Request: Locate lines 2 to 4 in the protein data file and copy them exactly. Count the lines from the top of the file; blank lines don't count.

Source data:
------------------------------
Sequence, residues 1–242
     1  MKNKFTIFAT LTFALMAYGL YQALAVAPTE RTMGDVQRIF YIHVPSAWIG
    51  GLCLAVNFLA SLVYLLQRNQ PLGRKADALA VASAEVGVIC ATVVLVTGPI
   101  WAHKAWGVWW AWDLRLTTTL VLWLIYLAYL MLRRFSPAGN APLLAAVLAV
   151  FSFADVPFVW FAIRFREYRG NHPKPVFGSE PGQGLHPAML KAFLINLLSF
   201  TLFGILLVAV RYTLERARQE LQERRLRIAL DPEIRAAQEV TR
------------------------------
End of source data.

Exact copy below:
     1  MKNKFTIFAT LTFALMAYGL YQALAVAPTE RTMGDVQRIF YIHVPSAWIG
    51  GLCLAVNFLA SLVYLLQRNQ PLGRKADALA VASAEVGVIC ATVVLVTGPI
   101  WAHKAWGVWW AWDLRLTTTL VLWLIYLAYL MLRRFSPAGN APLLAAVLAV